This rejection of the meaning of suffering cannot bring one closer to our fellow men, because of course we do suffer and always will.  To reject suffering sets one up to reject the experience of mankind, and then, mankind itself.  Suffering without the Cross gives way to tyranny.

The early revolutionaries had within them a deep asceticism.  All things not geared fully towards improving the material lot of the people must be expunged.  Beauty itself became a debauched and corrupting luxury.  Everyone must do without so that nothing ever gets wasted, either in the mind or on the ledger sheet.  Such asceticism, without grace, again leads to tyranny. But let us not miss the fact that this tyranny has its roots in a certain idea of freedom.  Communists wished the people to be free from suffering, free from worry about the future, free from the competitive aspects of capitalist societies.  Now we know that such freedom leads to a drabness and narrowing of life.

Soviet Architecture

Berdyaev wrote in 1931 and he had a keen insight for the westerners to whom he wrote.  Westerners at that time and now, fundamentally are skeptics, and they assumed that the Soviets shared this basic outlook.  Not so.  The communist has deep (though misplaced) faith, and the people understand and embrace this faith.  The state could not hold together for any other reason.  This faith flies in the face of “evidence” against it.  Most communists rejected the physics of the early 20th century, for example, because Einstein and others smacked of mysticism, and we must exorcise all mysticism so that the people will have true happiness.  In the end pure rationalism becomes entirely irrational and ridiculous.  Still they press on.  Our failure to recognize this faith led us to combat it by all the wrong means.  One thinks of Nixon trying to impress Khruschev by showing him better refrigerators.  It showed our misunderstanding and our bankruptcy.  Was this all we had to offer?  If Khruschev was not impressed, we should be surprised.

The first part of Berdyaev’s book focuses on the spiritual failures of the revolutionaries themselves, but then he adroitly and appropriately turns the tables.  How did such a movement come about?  If the revolutionaries showed great spiritual hunger, we must consider the fact that churches in their locales could not feed them.  The rise of communism comes from the failure not just of capitalism to produce a just society, but from the Church to live out its calling.  He writes,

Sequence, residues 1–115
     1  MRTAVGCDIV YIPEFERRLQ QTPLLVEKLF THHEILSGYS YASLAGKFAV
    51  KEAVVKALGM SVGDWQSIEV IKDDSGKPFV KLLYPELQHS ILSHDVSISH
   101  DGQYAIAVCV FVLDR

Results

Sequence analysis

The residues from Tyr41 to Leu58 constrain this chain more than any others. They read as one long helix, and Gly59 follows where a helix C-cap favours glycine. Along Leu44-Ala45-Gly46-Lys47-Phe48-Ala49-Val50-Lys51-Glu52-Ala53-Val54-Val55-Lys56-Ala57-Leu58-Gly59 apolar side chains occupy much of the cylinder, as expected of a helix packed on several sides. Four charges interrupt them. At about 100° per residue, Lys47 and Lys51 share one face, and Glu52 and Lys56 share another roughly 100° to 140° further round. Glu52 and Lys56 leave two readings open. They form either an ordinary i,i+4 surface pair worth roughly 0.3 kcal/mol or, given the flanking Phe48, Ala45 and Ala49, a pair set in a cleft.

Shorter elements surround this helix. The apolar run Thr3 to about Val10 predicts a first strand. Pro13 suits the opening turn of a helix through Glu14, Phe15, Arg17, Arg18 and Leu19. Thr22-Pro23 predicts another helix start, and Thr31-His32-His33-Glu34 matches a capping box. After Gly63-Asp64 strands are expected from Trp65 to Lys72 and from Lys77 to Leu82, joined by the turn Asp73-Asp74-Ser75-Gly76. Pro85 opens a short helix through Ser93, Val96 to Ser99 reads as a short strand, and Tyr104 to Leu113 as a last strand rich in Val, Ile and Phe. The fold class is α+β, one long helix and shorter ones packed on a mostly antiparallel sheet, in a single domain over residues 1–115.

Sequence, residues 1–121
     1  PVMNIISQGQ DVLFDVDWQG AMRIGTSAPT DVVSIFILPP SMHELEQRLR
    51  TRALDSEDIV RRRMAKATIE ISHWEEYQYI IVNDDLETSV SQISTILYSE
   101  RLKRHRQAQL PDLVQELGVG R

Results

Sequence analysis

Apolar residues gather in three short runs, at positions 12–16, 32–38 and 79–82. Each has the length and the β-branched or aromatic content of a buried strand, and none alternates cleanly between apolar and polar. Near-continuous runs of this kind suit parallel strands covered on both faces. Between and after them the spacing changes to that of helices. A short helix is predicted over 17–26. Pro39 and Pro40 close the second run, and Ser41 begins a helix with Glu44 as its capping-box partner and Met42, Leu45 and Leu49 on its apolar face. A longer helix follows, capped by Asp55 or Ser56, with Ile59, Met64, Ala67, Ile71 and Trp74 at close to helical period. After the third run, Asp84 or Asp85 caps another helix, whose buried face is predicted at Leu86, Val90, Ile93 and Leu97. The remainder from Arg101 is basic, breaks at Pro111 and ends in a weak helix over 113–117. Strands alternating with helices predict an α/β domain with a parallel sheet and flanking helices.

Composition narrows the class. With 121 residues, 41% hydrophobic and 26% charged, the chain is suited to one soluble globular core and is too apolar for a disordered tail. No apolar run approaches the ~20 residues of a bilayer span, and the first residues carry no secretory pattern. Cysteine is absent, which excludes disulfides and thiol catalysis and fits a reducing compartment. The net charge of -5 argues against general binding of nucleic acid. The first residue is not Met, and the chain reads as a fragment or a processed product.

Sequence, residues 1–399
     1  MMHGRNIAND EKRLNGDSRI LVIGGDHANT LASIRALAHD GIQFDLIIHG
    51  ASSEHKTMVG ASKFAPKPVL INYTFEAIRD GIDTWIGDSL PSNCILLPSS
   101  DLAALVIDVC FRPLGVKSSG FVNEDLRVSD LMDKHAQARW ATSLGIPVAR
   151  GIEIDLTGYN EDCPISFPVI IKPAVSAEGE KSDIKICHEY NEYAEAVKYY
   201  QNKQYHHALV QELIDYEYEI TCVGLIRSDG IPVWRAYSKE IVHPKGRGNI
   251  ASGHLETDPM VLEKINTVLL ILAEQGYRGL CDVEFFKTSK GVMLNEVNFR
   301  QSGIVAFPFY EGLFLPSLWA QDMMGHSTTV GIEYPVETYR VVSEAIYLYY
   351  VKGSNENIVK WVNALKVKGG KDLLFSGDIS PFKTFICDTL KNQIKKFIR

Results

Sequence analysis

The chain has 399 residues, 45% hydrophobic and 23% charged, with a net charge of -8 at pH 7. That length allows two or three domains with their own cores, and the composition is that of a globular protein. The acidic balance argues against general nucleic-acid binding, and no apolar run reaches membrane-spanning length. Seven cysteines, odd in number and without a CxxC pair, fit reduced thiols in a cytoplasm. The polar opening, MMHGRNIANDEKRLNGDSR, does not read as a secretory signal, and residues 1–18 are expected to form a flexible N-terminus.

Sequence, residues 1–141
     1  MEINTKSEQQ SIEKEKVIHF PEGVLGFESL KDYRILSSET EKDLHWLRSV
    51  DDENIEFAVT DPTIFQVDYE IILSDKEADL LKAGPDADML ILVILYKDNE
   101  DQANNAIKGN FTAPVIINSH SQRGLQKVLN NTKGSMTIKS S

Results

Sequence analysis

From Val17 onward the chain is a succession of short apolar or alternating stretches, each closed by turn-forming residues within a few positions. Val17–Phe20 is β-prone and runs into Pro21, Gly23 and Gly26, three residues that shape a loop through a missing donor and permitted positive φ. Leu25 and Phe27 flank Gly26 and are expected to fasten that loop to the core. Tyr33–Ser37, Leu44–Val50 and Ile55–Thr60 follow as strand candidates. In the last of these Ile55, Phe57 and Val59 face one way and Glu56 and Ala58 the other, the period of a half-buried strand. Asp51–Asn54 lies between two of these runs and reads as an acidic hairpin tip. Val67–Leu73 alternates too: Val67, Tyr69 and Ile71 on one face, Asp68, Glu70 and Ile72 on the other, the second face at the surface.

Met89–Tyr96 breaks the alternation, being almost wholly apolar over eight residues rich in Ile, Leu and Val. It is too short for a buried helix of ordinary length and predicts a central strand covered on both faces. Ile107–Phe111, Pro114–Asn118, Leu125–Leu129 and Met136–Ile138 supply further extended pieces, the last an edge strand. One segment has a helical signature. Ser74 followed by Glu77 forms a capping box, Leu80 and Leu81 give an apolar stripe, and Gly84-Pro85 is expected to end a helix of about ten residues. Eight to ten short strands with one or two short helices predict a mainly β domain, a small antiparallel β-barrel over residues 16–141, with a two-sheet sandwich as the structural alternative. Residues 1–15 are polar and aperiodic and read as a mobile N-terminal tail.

Christianity has not put its truth into full living practice.  It has found its realization either in conventional formula or in theocracies which deliberately ignore freedom (which is the fundamental condition of any genuine realization), or it has practiced a system of duality, as in modern history, when its power has weakened.  And therefore Communism has made its appearance as a punishment and a reminder, as a perversion of some genuine truth.

As I and others lament the recent high court decision on the validity of homosexual marriage we do well to follow Berdyaev’s example and point our fingers in the right place.  For what we see before us comes fundamentally from the Church’s failure to explain the true nature of marriage not as an emotional bond between two people, but as an image of salvation itself, the marriage of Heaven and Earth.  In Eastern churches, the bride and groom process around the congregation during the service wearing crowns.  These crowns represent crowns of the martyrs.  Marriage, like monasticism, is a kind of martyrdom, a death out of which new life emerges. What we see before us should serve as a “punishment and a reminder” of what we should have proclaiming and living out all along.

Dave

*One sees this in many places in our culture.  Take, for example, the rise of graphic novels.  Rather than be comfortable with the strengths and weaknesses of the medium, we hear ardent insistence that “graphic novels are just like books.”  In my limited experience it seems obligatory for authors of young-adult fiction to include a mean teacher in the story who fails to allow a student to hand in a book-report on a graphic novel.  The theme is the same —  whatever we happen to be doing must be affirmed by all.